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Irish Judge Rules in Favor of Demons in Assault Case

There are parts of the world where it’s not surprising when crimes are blamed on demons and that it’s often considered a legitimate defense in court cases. Ireland is not one of those places … until now. A man in Clare County, Ireland, accused of assaulting his then girlfriend had the charges dismissed by a judge who believed his alibi that the woman was possessed by demons that caused her to speak Latin, gave her bruises and scratch marks, hurled objects around and resisted exorcisms. Before you try this defense yourself (please note: we’re against assault of any kind), let’s look at the details.

“I would witness poltergeist activity and this whole plethora of stuff. The bruising she was getting was horrible. When I wasn’t there it would escalate. Some of the marks she got were horrific-looking marks, scratch marks and all of that.”

The Irish Times and The Daily Mail cover the case of Shane Gibbons, who was charged with assault causing harm to his longtime girlfriend at his home on August 17, 2019. The victim called the gardaí (Irish state police) that night and was reportedly found in a distressed state with bruises on her upper body, thighs, wrists, face and neck which she claimed she sustained when Mr. Gibbons violently shook her. When confronted by the gardaí, Gibbons had this to say:

“(An) exceptional evil entity was using her own abilities for its own purpose. It was able to perform tasks and use her ability for dark purposes. It could take control of her at will and engage me in conversation — sometimes in Latin.”

As proof, Gibbons showed the police a video of him performing an exorcism on her in 2016 and a photograph of her being attacked by a “demonic entity” which made scrape marks on her buttocks and ribs. He said she was “particularly vulnerable to demonic influences” when depressed and the possession was often visible for hours in her behavior. That obviously wasn’t enough to satisfy the gardaí, so Gibbons was booked and his trial took place recently. Meanwhile the now ex-girlfriend broke up with him and moved out.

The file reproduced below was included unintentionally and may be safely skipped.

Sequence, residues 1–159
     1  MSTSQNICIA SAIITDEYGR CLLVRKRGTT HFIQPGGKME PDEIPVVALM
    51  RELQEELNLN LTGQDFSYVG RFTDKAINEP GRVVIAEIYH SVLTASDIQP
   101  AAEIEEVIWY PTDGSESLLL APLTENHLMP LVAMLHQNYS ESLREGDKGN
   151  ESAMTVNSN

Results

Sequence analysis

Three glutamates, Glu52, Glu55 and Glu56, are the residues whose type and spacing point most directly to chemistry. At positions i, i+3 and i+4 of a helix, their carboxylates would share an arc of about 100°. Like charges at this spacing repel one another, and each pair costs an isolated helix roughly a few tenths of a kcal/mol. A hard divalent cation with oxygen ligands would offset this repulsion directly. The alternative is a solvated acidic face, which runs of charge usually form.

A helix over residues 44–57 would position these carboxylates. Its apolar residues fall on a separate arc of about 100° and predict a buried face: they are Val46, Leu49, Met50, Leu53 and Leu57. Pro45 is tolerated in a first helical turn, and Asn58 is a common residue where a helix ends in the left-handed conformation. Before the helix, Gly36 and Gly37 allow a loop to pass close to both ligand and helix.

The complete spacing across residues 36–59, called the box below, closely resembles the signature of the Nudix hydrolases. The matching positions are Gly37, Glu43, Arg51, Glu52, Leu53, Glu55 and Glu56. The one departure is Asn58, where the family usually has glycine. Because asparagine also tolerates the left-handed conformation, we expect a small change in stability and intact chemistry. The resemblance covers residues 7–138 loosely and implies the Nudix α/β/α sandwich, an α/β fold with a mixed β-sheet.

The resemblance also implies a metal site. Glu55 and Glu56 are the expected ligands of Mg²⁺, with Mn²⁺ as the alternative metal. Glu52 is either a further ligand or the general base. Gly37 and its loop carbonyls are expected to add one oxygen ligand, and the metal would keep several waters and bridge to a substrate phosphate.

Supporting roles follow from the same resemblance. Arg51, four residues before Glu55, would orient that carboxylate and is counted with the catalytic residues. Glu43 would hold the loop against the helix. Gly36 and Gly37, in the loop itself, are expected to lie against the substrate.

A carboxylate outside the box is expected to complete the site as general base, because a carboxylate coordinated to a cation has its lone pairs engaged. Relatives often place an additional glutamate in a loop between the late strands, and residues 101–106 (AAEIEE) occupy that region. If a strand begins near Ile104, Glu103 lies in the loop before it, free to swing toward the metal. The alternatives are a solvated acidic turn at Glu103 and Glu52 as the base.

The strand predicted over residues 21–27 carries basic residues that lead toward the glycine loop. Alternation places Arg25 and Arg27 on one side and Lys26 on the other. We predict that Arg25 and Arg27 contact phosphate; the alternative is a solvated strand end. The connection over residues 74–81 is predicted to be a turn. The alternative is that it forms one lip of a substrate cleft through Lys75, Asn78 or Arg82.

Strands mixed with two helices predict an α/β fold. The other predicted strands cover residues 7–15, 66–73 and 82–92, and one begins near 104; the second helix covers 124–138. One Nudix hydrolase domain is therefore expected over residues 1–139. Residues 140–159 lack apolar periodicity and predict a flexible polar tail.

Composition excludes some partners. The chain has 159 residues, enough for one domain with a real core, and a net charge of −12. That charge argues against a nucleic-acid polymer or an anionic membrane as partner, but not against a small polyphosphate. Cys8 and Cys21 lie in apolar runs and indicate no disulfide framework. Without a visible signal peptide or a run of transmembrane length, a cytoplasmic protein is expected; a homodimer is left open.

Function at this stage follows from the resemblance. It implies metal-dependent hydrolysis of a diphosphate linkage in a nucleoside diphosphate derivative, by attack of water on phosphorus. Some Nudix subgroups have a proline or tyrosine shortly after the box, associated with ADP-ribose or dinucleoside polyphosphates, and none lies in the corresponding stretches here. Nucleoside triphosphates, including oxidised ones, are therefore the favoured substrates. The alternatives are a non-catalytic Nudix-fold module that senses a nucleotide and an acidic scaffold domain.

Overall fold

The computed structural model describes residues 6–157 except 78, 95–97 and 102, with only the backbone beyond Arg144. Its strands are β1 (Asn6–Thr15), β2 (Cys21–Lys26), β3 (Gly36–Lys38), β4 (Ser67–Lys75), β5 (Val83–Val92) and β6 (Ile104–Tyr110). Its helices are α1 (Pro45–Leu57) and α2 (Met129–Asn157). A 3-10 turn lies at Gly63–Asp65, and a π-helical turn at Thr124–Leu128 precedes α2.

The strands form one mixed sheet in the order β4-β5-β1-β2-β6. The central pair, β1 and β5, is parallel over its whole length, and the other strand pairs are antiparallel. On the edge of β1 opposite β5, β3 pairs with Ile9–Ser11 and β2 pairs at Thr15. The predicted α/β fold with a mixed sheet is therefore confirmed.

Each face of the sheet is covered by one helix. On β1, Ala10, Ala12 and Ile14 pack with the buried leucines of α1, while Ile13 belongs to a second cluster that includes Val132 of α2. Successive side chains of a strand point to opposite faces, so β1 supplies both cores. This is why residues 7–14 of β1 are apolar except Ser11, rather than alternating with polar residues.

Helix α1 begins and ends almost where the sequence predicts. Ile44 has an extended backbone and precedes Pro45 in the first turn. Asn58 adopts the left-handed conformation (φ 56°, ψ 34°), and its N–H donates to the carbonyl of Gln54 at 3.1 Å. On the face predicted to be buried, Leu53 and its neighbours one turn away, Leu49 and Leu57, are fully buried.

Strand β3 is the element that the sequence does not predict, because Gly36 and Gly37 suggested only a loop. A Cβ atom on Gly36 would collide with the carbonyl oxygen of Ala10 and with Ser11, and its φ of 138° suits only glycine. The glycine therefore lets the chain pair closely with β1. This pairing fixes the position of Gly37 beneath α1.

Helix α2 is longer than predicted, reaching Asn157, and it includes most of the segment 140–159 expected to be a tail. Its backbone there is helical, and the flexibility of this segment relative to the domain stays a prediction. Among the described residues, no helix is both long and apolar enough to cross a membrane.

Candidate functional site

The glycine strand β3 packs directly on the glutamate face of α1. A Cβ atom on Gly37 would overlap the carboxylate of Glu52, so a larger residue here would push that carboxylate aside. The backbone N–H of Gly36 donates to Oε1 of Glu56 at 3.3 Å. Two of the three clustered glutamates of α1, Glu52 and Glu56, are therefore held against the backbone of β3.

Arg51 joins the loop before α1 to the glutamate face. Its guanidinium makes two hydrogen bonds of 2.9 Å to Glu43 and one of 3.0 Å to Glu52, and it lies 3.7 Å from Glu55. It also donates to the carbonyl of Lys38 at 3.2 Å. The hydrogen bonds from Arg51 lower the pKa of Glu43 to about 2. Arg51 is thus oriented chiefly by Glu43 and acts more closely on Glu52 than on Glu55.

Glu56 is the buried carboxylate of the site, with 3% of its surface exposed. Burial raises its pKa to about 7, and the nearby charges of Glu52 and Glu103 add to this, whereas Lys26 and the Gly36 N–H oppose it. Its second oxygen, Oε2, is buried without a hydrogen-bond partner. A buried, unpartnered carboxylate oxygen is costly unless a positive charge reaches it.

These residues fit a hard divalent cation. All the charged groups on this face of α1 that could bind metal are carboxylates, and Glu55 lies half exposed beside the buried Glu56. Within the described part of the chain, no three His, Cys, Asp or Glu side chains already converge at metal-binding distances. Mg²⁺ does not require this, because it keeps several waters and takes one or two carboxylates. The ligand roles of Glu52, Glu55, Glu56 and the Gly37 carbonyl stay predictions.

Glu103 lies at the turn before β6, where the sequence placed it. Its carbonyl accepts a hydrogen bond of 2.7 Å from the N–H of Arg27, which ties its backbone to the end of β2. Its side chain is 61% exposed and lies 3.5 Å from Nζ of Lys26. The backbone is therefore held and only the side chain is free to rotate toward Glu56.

“He’s certainly telling you the truth and I’ll verify all of that. I met them and I’ll verify everything. He’s not telling you [a lie].”

At the trial, Father Donagh O’Meara, whom Gibbons called in at one point to bless his girlfriend, defended the possession alibi. So did Jane Donnelly, a healer from Kerry Gibbons brought in, who remembered seeing the woman and observing that “She was just completely catatonic, like out of it completely and shaking and he had to hold her to bring her in.”

“I am so glad. I knew I needed the exorcism.”

Gibbons said the woman knew she had a problem and even traveled to Michigan to an unnamed facility with doctors and nurses, where he claimed “As soon as they saw her they knew immediately what was happening” and were able to relieve some of the problems for a while. While none of this seemed to help the girlfriend, it definitely helped Gibbons in his defense.

“In dismissing the charge, Judge Patrick Durcan said Mr Gibbons’s defence and version of events concerning the occult, exorcisms and devilish possession should have been explored more by the State. The judge also said he found the complainant “to be less than fulsome” under cross-examination. He noted she remained silent when questioned about previous unexplained injuries she sustained, which she had allowed Mr. Gibbons take photos of.”

Innocent by reason of demons. While Gibbons is happy the charges were dismissed, he’s certainly not gloating.

“One thing I did learn from all this is that good and evil definitely exist. If I never saw any of this again I’d be absolutely delighted. It is not something you invite upon yourself, it is not something I wanted to deal with or ever expected to deal with. I’m a very practical guy, I would have kept this private. The only reason this has come to light is because of the court case.”

The judge believed him. Do you?

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Paul Seaburn is the editor at Mysterious Universe and its most prolific writer. He’s written for TV shows such as "The Tonight Show", "Politically Incorrect" and an award-winning children’s program. He's been published in “The New York Times" and "Huffington Post” and has co-authored numerous collections of trivia, puzzles and humor. His “What in the World!” podcast is a fun look at the latest weird and paranormal news, strange sports stories and odd trivia. Paul likes to add a bit of humor to each MU post he crafts. After all, the mysterious doesn't always have to be serious.
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